Global Collaboration: Lymphoma Researchers Attend Workshop at Shanghai Institute of Hematology

In early July, several researchers from the Weill Cornell Medicine/NewYork-Presbyterian (WCM/NYP) Lymphoma Program traveled to Shanghai, China to participate in the first Lymphoma Research Workshop, jointly sponsored by WCM/NYP and Shanghai Institute of Hematology (SIH). The workshop aimed to foster clinical and translational research exchange and collaboration, with the goal of further global alliance with leading Chinese institutions.

Our own Drs. Leandro Cerchietti, Peter Martin, Ari Melnick, Kristy Richards, and Jia Ruan were in attendance. Drs. Melnick and Ruan co-organized the workshop with Drs. Saijuan Chen and Weili Zhao from SIH. SIH and its affiliated Ruijin Hospital (RJH) is a leader in human genomics and lymphoma research in China.

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Dr. Ari Melnick (Left) and Dr. Jia Ruan

Dr. Melnick began by introducing the lymphoma research missions at WCM/NYP and provided an overview of our translational program, which integrates state-of-the-art genetic, epigenetic, and proteomic approaches to study lymphoma pathogenesis and inform development of mechanism-based therapeutics.

Dr. Zhao followed with a review of the recent lymphoma program developments at Ruijin Hospital, which focuses on building a multi-disciplinary diagnosis and treatment team. RJH’s translational development has been aimed at building a lymphoma biobank, next-generation sequencing, system biology, and biomarker investigations to support clinical research.

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Dr. Peter Martin (Left) and Dr. Leandro Cerchietti

On the project level, Dr. Cerchietti discussed bench-to-bedside translation of epigenetic modifying agents, such as novel treatments that sensitize chemotherapy responses in patients with diffuse large B-cell lymphoma (DLBCL). Dr. Martin then provided a comprehensive overview of the management approach for DLBCL in the U.S., reviewing important study design and findings of DLBCL clinical trials that incorporated novel agents, including epigenetic modifiers. Dr. Richards spoke about promises and challenges in canine lymphoma research in both the disease and drug development models.

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Dr. Kristy Richards

Additionally, Dr. Pengpeng Xu from RJH presented preliminary data of a phase 1 study using an epigenetic hypomethylating agent in combination with chemotherapy for DLBCL patients. This joint clinical project developed from the two institutions’ shared translational interest and expertise in exploring therapeutic potential of epigenetic agents in lymphoma.

Drs. Ruan and Melnick concluded the workshop by thanking the hosts at the Shanghai Institute of Hematology and Ruijin Hospital for their gracious hospitality. Faculty from both institutions are impressed by the progress of the ongoing collaboration and support further development of translational and clinical projects in the future, including academic exchange and joint translational and clinical trials.

 

Is Cutaneous T-Cell Lymphoma Hereditary?

Patients often question whether various lymphoma types run in families, concerned that their own diagnosis may indicate cancer risk for their loved ones, as well. When an inquiry regarding the possibility of genetic predisposition in cutaneous T-cell lymphoma (CTCL) recently came through our clinic, we sat down with expert Jia Ruan, MD, PhD, to break down what we know and what we don’t know about the cause of this rare and complex condition.Dr. Ruan at computer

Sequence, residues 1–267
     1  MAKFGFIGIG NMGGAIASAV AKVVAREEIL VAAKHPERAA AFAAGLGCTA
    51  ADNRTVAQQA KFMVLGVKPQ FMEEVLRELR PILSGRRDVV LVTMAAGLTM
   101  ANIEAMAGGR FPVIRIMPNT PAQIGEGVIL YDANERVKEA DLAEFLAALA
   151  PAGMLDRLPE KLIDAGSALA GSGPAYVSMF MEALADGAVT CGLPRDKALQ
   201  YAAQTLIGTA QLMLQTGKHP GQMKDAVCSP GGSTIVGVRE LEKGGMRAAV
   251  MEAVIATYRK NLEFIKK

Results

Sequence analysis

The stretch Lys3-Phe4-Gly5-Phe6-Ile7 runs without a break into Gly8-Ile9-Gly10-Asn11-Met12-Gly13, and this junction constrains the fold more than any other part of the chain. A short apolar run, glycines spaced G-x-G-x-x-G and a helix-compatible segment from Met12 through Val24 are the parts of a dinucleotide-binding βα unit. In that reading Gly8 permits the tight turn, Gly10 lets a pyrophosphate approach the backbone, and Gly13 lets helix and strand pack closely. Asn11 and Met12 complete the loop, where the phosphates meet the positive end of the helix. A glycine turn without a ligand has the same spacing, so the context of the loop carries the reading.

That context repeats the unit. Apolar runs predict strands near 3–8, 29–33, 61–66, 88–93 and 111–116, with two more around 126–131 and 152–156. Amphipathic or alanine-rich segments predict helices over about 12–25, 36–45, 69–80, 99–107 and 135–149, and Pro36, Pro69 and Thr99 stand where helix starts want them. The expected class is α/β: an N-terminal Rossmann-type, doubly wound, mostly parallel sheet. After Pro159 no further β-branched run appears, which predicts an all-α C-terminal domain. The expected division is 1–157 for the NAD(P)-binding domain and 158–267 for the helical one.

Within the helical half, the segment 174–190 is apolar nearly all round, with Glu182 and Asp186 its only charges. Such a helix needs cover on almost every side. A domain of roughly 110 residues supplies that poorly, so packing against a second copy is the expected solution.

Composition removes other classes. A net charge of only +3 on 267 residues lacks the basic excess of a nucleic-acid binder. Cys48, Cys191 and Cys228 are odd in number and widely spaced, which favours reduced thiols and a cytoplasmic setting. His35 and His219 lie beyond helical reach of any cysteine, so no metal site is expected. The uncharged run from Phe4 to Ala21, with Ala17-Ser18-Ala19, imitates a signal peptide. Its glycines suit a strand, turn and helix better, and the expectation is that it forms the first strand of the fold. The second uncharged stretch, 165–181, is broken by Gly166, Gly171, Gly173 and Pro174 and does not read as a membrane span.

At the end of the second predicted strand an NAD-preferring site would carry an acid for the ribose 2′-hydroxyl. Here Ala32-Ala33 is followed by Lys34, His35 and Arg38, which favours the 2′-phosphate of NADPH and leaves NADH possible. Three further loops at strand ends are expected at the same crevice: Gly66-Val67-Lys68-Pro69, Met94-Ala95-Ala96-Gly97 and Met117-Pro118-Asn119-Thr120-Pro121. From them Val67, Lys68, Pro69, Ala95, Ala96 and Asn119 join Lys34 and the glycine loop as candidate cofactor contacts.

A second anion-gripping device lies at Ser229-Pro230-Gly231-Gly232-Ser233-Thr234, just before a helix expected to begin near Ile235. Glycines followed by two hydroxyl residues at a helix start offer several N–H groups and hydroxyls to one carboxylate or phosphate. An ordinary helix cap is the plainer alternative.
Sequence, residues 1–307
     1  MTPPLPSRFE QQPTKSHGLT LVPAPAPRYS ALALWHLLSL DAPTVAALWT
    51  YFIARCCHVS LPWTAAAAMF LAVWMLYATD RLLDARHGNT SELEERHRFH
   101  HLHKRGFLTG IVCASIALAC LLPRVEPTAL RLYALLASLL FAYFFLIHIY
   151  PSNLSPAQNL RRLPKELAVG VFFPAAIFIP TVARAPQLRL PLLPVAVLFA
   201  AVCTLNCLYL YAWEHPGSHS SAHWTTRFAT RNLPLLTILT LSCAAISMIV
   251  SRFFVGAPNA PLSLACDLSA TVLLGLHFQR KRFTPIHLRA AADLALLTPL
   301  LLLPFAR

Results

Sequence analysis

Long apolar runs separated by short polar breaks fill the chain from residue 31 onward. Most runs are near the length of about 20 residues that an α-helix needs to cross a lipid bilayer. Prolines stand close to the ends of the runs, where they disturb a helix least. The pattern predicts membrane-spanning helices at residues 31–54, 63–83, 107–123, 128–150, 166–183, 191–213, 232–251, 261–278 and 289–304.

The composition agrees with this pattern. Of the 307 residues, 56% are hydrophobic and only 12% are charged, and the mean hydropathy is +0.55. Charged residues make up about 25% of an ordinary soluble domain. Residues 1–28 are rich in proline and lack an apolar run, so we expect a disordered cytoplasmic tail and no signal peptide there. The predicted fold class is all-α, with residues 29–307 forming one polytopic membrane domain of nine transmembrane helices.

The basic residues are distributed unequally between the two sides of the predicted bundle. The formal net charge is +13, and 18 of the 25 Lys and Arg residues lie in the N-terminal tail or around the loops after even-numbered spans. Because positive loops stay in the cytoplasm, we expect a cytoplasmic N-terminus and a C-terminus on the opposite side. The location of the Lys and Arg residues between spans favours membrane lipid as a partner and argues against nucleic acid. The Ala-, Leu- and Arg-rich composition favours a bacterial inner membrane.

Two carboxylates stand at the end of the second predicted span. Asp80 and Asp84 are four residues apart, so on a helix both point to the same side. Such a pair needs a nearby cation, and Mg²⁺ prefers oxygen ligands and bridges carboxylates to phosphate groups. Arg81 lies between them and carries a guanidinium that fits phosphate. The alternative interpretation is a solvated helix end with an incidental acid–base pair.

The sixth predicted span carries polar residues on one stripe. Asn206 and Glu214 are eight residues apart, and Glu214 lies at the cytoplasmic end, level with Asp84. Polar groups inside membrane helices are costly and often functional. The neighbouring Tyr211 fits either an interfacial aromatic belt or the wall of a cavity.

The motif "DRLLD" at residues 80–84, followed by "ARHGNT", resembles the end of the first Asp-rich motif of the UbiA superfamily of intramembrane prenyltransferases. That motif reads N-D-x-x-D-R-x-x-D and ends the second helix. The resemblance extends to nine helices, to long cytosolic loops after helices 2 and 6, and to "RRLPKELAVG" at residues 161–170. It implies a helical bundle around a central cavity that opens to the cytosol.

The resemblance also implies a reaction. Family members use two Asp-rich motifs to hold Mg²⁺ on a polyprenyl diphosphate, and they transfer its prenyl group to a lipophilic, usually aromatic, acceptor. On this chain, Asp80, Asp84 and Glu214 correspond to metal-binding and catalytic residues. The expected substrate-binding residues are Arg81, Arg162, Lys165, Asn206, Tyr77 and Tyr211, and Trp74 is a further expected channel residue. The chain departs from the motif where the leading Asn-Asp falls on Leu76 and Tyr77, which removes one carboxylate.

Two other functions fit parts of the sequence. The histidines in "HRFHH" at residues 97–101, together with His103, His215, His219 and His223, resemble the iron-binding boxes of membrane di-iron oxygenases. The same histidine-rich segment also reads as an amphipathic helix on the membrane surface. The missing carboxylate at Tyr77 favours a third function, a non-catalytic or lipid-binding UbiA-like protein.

T-cell lymphomas are a form of non-Hodgkin lymphoma caused by abnormal growth of mature T-cell lymphocytes, a type of white blood cell found in the immune system. In healthy people, T-cell lymphocytes are responsible for attacking foreign antigens and viruses, and aiding B-cell lymphocytes in antibody production – but by the process of clonal evolution, the T-cell lymphocytes mutate and produce abnormal offspring that become lymphoma. When T-cell lymphomas affect the skin, they are known as cutaneous T-cell lymphomas (CTCL).

The most common subtype of CTCL, mycosis fungoides (MF), occurs when malignant cells develop from CD4+CD45RO+ T-lymphocytes and migrate to the skin. Symptoms include scaly and itchy rash-like patches that may thicken over time and develop into a plaque or a tumor. If the cancer then makes its way from the skin to the lymphatic and blood system, MF becomes the more aggressive Sézary syndrome (SS). MF patients with limited skin symptoms do very well with skin-directed treatment, such as light therapy and topical medicines including steroids, while those with more extensive skin involvement or SS often require systemic treatment.

Although mycosis fungoides and Sézary syndrome are the most common types of cutaneous T-cell lymphoma, they are still quite rare, occurring in only 4-5 percent of non-Hodgkin lymphoma cases, with about 3,000 new diagnoses per year. The median age at diagnosis is 50-70, with a prevalence in men and African Americans.

It is in part due to their rarity that doctors and researchers have yet to understand what causes MF/SS. While there is no definitive evidence of familial risk of CTCL, scientists are continually evaluating whether genetics play a role in the disease formation.

Human leukocyte antigen (HLA) genes, which enable the immune system to discern between proteins native and foreign to the body, possess specific variations, or alleles, that are inherited via the family germline and passed through generations. When a certain HLA class II allele (specifically DQB1*04) was measured in a study of six families, each with occurrences of mycosis fungoides in two first-degree relatives, researchers found the allele to appear more frequently in patients than in the healthy control population, thus suggesting an association of the allele with familial MF. It is worth noting, however, that although some familial clusters of MF have been reported, the vast majority of CTCL cases occur without a familial link.

Additionally, deep genetic sequencing (whole exome) of mycosis fungoides samples, in which the patients’ DNA was analyzed to identify genetic variants, revealed recurrent mutations that seem to be acquired during a lifetime, rather than inherited – also known as somatic mutations. Somatic mutations are believed to be a leading factor in the unchecked cell division in most cancers. The examples of alterations included genes involved in: T-cell activation and programmed cell death (apoptosis), NF-κB signaling that plays a role in cell proliferation and survival, remodeling of chromatin (the DNA and proteins from which chromosomes are derived), and DNA damage response.